Bartlett joins call to create entertainment zones
Former Tourism Minister Edmund Bartlett has joined the growing list of persons calling for the Hip Strip in Montego Bay and the One Love Drive (West End road) in Negril to be designated entertainment zones to capitalise on the global appeal of Jamaica's music
"Such a designation would send a message to investors about how serious we are about growing entertainment tourism," said Bartlett. "In addition, this would create the scope for the industry to employ many more persons."
The recent call by Bartlett was endorsed by hotelier Godfrey Dyer, a director of Jamaica's premier music festival, Reggae Sumfest. According to Dyer, the creation of entertainment zones would open the door for other persons to benefit from local entertainment.
"Tourism is doing well, but the communities are not feeling it," said Dyer. "I believe entertainment zoning could make a significant difference in that regard as entertainment would not only benefit those staging events, but vendors could also earn revenue that would go right back into the economy."
The call for the establishment of entertainment zones has been the rallying cry for promoters such as Negril businessman Clive 'Cubba' Pringle, who is of the view that such zones would take promoters from under the hammer of the Noise Abatement Act, which has been negatively affecting many events.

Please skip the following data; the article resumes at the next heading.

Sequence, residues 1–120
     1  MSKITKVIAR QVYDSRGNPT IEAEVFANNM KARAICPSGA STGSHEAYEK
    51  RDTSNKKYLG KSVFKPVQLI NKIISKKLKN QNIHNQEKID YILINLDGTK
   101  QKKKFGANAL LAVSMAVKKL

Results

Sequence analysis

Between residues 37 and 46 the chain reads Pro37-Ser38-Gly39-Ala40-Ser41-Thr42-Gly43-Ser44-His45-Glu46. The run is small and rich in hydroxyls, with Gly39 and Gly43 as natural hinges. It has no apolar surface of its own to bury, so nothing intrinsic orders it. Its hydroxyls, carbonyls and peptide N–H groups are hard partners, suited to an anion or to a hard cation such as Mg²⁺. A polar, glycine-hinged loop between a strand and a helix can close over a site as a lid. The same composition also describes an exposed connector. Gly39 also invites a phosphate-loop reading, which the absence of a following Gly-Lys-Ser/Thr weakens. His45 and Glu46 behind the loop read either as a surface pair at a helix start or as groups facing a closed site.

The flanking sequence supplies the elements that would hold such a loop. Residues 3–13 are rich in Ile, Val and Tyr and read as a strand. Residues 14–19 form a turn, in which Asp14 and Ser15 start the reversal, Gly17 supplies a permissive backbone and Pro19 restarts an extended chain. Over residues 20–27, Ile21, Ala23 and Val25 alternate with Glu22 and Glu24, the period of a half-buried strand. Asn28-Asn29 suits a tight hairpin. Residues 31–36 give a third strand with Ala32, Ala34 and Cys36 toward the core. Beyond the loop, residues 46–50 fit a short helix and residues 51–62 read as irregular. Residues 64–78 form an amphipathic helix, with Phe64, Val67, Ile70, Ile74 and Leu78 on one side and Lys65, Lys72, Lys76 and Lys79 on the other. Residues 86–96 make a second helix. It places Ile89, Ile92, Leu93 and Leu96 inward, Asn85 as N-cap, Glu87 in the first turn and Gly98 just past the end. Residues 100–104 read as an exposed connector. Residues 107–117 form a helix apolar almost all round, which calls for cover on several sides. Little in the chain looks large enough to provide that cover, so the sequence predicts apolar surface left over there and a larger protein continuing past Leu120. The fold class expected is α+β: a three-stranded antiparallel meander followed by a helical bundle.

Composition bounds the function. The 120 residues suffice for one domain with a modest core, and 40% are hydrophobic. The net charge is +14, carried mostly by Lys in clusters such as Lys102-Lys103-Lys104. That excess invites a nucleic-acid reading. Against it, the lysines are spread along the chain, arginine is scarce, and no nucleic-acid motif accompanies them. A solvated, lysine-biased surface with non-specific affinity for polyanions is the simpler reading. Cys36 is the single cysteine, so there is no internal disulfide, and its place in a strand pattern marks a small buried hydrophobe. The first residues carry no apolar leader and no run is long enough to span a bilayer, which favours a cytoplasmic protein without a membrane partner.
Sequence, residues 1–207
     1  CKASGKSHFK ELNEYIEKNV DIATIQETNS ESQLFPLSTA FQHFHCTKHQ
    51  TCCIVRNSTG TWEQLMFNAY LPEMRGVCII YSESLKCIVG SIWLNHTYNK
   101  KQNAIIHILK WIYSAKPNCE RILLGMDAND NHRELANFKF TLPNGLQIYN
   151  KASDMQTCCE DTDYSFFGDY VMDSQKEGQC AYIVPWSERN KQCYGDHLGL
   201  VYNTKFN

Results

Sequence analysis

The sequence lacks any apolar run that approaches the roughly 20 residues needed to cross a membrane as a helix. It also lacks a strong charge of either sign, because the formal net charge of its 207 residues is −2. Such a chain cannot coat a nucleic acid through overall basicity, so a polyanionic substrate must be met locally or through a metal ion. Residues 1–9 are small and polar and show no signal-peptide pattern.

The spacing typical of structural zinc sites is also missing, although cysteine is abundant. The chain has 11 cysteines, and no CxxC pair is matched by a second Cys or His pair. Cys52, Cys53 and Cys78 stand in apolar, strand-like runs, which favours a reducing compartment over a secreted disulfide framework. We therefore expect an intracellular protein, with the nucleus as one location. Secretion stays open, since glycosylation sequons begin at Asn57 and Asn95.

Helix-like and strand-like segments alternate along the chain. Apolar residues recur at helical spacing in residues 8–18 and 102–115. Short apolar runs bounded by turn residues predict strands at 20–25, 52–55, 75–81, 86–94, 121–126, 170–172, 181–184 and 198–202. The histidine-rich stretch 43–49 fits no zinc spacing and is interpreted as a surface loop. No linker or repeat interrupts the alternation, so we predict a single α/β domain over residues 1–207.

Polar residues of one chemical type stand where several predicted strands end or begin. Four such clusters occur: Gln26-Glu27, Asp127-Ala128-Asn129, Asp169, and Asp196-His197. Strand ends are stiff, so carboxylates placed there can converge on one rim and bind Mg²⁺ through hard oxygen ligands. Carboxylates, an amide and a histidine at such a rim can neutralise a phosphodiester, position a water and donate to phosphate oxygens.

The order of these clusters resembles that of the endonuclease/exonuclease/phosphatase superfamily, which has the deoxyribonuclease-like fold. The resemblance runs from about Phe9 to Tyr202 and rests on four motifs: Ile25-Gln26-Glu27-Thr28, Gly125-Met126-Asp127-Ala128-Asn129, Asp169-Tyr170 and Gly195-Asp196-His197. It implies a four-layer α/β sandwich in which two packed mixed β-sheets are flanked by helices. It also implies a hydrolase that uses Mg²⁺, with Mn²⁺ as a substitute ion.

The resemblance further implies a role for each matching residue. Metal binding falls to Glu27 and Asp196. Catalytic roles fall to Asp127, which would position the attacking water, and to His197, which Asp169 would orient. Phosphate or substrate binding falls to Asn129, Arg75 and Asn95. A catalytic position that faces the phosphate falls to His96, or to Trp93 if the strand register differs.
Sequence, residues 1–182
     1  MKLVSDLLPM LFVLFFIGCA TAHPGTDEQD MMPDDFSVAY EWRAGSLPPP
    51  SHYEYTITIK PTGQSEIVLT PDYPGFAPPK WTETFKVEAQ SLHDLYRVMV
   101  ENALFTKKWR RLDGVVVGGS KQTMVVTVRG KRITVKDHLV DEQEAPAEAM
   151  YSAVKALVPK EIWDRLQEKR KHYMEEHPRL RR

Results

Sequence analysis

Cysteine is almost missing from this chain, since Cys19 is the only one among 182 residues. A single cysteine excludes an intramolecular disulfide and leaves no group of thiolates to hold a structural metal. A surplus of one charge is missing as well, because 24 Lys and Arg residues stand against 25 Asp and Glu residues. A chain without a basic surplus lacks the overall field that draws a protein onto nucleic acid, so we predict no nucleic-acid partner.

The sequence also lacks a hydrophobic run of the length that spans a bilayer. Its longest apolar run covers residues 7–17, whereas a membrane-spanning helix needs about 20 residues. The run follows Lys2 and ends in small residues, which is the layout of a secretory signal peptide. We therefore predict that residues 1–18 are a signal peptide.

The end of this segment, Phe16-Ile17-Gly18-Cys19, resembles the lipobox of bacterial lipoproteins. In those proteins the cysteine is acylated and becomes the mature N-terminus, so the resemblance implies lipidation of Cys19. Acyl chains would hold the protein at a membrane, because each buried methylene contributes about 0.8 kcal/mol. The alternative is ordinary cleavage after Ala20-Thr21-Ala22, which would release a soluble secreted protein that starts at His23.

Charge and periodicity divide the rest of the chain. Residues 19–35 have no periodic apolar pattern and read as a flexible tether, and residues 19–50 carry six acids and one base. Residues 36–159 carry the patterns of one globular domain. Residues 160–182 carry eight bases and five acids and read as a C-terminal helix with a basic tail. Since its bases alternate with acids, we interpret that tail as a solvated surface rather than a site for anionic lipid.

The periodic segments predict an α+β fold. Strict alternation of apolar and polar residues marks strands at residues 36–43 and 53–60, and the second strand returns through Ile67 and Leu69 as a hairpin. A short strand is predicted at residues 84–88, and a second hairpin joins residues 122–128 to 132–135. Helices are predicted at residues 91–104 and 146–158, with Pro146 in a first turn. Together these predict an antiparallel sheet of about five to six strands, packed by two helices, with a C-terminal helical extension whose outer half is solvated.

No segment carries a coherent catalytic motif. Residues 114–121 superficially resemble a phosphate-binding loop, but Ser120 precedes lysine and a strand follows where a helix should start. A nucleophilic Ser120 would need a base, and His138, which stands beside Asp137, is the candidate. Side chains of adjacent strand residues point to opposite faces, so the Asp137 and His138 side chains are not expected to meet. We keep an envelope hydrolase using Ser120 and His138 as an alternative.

"If we had special entertainment zones, we would be able to stage events without fear of being shut down prematurely by the police," said Pringle. "As things are, it is difficult for promoters to function in comfort with the Noise Abatement Act."
DISCUSSIONS UNDER WAY
While in opposition, current Minister of Tourism Dr Wykeham McNeill, who is the member of parliament for Western Westmoreland, where Negril is located, called for a high-level discussion on the matter.
Last week, his state minister, Damion Crawford, told Western Focus that the matter would be brought before Cabinet shortly.
"We are looking at zoning generally, not just for western Jamaica," said Crawford. "We will also be seeking to review the Noise Abatement Act. We have three policies that have been sent to Cabinet that will affect this, but there are some drawbacks to zoning, and one must look at the implications of building out zones and getting the required investments."
In speaking to the financial viability of creating entertainment zones, Crawford pointed to the fact that in many cases, the promoters of events were not necessarily on secure financial footing.
"One must also consider that some promoters stage outdoor events - such as street dances - because they cannot afford rentals," said Crawford.